The editor alternated between the two shots of Kim Jong Un and the still image of the Workers’ Party of Korea Central Committee Headquarters for the first two minutes of the speech then went to the still image continuously for the next 23 minutes, only returning to a mix of shots in the last minute of the broadcast.
In total, Kim Jong Un was seen speaking for just 2 minutes 12 seconds of the entire broadcast.
In the 2013 speech, a similar image of the WPK building was also shown, but Kim Jong Un got much more screen time.
Here’s the entire broadcast:
A group called The European Alliance for Human Rights in North Korea (EAHRNK) has published a report making a case for such a service and just launched an online petition.
In its report, EAHRNK argues that North Korean citizens need independent sources of news and information and that radio broadcasts provide the best way of delivering that to the country.
Several radio stations are already doing just this – Voice of America, Radio Free Asia, South Korea’s KBS and private stations run by North Korean defectors are on the air everyday – but that doesn’t mean the BBC’s voice would be duplicative, the report says.
“By virtue of the BBC being a British organisation, its programming would carry significantly less political baggage than that of US-funded broadcasters or services run by the ROK or North Korean defectors,” the report claims.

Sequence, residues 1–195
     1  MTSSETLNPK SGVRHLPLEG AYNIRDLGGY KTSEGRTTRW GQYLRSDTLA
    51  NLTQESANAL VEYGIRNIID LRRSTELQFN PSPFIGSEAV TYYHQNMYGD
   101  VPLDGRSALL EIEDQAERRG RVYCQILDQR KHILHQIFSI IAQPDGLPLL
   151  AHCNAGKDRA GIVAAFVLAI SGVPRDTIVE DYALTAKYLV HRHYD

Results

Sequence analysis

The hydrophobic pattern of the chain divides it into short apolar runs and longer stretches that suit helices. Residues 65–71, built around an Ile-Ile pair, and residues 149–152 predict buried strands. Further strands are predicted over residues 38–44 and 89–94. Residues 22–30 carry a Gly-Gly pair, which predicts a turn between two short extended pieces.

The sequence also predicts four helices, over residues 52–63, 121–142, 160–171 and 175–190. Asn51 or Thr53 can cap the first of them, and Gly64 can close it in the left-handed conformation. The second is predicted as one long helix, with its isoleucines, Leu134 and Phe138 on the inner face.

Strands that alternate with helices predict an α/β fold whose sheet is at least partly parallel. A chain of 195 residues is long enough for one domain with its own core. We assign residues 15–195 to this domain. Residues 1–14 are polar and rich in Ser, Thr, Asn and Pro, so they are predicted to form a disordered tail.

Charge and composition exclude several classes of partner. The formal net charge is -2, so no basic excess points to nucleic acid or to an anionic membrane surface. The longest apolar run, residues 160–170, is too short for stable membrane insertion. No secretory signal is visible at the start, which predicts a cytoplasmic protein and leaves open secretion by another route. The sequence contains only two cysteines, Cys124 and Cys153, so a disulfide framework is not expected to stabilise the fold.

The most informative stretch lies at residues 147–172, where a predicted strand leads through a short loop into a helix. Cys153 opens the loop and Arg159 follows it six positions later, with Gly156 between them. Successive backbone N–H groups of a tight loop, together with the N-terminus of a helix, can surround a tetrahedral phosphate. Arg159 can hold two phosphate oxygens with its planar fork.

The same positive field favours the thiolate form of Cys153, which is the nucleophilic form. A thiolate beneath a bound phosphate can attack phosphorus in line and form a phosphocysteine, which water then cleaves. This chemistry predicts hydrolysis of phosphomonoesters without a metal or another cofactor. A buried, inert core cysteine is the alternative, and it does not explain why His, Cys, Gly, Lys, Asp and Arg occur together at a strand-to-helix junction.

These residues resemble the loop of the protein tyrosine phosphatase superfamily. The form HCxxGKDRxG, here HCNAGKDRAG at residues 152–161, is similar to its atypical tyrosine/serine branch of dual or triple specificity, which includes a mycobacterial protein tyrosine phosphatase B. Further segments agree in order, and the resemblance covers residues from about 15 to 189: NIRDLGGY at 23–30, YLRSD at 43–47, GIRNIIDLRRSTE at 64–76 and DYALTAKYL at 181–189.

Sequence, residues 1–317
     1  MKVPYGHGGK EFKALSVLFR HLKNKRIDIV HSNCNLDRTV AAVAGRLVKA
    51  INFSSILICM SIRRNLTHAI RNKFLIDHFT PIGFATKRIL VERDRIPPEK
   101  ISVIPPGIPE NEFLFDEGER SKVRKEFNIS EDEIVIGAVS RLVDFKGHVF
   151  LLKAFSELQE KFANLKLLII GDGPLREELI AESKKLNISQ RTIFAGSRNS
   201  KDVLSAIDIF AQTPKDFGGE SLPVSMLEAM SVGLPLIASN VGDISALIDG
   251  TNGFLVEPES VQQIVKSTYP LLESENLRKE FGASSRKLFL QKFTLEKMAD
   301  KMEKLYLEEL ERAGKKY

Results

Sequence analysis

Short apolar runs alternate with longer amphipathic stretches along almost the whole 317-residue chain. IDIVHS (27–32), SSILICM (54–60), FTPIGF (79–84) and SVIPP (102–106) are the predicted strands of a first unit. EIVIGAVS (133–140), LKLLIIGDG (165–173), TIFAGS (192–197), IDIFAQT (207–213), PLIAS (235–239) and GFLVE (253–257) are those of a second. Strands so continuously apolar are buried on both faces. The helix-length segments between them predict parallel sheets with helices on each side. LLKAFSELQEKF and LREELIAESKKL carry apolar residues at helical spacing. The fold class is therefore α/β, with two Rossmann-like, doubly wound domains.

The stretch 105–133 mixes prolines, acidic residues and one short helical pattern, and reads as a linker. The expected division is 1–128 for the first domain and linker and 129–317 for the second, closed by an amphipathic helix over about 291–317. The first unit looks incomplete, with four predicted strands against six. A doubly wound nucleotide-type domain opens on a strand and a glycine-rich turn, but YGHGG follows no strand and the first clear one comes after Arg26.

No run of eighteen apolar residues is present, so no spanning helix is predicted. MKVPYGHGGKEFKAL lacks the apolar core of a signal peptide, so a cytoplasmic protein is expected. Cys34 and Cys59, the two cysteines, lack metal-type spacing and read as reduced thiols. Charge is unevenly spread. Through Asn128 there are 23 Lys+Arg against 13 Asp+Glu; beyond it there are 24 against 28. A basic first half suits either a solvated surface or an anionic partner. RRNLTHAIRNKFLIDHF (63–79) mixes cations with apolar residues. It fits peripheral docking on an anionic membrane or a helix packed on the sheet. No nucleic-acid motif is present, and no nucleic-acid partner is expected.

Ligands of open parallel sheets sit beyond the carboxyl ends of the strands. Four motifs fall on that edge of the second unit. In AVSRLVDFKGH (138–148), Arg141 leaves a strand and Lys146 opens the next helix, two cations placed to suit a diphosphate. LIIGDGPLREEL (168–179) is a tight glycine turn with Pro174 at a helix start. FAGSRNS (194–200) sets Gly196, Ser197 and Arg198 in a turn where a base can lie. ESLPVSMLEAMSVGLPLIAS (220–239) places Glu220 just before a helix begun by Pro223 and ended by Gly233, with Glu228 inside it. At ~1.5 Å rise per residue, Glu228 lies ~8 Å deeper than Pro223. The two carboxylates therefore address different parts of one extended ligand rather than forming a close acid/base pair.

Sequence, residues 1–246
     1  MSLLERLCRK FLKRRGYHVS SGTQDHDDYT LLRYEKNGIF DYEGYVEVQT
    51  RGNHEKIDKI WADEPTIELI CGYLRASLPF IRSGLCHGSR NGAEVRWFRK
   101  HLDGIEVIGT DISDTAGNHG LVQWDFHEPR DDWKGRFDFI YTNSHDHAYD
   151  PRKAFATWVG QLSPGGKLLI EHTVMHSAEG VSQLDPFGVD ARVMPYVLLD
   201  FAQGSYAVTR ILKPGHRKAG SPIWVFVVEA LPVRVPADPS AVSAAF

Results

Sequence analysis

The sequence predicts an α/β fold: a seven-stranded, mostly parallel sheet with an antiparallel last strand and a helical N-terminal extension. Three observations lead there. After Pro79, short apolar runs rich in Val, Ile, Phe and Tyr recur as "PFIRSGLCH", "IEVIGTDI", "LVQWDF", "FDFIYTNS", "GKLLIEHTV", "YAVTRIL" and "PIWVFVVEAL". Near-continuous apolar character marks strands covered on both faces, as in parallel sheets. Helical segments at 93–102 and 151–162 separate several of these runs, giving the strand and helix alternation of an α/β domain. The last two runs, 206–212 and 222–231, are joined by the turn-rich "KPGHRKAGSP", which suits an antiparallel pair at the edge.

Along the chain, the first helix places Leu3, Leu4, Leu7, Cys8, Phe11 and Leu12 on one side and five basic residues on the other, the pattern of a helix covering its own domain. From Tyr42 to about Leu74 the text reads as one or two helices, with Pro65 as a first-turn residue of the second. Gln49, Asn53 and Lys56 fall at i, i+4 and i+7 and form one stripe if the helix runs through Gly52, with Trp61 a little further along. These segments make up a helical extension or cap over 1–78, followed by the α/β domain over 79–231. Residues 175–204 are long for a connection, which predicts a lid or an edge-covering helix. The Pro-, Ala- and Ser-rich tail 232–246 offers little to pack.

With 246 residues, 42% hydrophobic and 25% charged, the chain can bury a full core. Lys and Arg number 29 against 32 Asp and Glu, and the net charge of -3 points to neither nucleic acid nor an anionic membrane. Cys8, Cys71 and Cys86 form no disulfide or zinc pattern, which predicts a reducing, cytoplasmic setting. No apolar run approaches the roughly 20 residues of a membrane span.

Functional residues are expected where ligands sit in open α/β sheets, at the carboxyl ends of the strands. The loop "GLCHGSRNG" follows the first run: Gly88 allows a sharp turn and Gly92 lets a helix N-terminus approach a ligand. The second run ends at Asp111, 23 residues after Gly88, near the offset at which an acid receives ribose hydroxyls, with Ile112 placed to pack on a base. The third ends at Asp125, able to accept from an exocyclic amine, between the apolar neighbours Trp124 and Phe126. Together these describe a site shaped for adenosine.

The report can be downloaded here.
At time of writing, the online petition has 115 signatures and needs a total of 1,000. It’s addressed to Peter Horrocks, director of the BBC World Service, and asks him to consider launching a Korean service.
The idea of a BBC World Service broadcast in Korean isn’t new. It was floated earlier this year and a 2012 report called “A Golden Opportunity” also argued for the establishment of a service. But the BBC World Service has been cutting language services in recent years as it has faced reductions in its annual budget. Adding services hasn’t been a priority.
The recent execution of Jang Song Thaek provided a platform for the proposed BBC broadcasts to be brought up in the British parliament on 16 December.
Fiona Bruce MP, vice chair of the all party parliamentary group on North Korea, asked UK Minister of State, Foreign and Commonwealth Office Hugo Swire about the chances of such a service.